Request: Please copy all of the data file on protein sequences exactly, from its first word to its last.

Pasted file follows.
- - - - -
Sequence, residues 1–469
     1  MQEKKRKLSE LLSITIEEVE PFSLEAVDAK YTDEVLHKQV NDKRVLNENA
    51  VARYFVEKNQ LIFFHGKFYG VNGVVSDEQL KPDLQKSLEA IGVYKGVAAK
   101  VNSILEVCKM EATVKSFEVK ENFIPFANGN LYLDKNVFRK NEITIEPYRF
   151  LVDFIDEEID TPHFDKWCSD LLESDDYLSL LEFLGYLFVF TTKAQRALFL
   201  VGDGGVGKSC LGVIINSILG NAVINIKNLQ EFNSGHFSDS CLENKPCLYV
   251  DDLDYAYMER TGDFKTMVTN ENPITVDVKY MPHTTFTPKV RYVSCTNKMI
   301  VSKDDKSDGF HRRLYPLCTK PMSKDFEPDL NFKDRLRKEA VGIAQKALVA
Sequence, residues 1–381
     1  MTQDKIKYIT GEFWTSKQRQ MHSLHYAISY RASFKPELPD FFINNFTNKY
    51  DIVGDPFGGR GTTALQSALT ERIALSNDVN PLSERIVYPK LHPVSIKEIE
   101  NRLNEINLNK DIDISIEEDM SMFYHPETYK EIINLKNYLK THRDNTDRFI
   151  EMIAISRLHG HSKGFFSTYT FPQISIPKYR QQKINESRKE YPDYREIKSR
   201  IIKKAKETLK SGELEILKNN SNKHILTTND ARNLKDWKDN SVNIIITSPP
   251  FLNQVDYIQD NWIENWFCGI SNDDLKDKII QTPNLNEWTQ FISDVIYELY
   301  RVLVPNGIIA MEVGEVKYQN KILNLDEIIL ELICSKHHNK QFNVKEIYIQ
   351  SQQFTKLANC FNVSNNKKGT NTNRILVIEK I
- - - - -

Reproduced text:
Sequence, residues 1–469
     1  MQEKKRKLSE LLSITIEEVE PFSLEAVDAK YTDEVLHKQV NDKRVLNENA
    51  VARYFVEKNQ LIFFHGKFYG VNGVVSDEQL KPDLQKSLEA IGVYKGVAAK
   101  VNSILEVCKM EATVKSFEVK ENFIPFANGN LYLDKNVFRK NEITIEPYRF
   151  LVDFIDEEID TPHFDKWCSD LLESDDYLSL LEFLGYLFVF TTKAQRALFL
   201  VGDGGVGKSC LGVIINSILG NAVINIKNLQ EFNSGHFSDS CLENKPCLYV
   251  DDLDYAYMER TGDFKTMVTN ENPITVDVKY MPHTTFTPKV RYVSCTNKMI
   301  VSKDDKSDGF HRRLYPLCTK PMSKDFEPDL NFKDRLRKEA VGIAQKALVA
Sequence, residues 1–381
     1  MTQDKIKYIT GEFWTSKQRQ MHSLHYAISY RASFKPELPD FFINNFTNKY
    51  DIVGDPFGGR GTTALQSALT ERIALSNDVN PLSERIVYPK LHPVSIKEIE
   101  NRLNEINLNK DIDISIEEDM SMFYHPETYK EIINLKNYLK THRDNTDRFI
   151  EMIAISRLHG HSKGFFSTYT FPQISIPKYR QQKINESRKE YPDYREIKSR
   201  IIKKAKETLK SGELEILKNN SNKHILTTND ARNLKDWKDN SVNIIITSPP
   251  FLNQVDYIQD NWIENWFCGI SNDDLKDKII QTPNLNEWTQ FISDVIYELY
   301  RVLVPNGIIA MEVGEVKYQN KILNLDEIIL ELICSKHHNK QFNVKEIYIQ
   351  SQQFTKLANC FNVSNNKKGT NTNRILVIEK I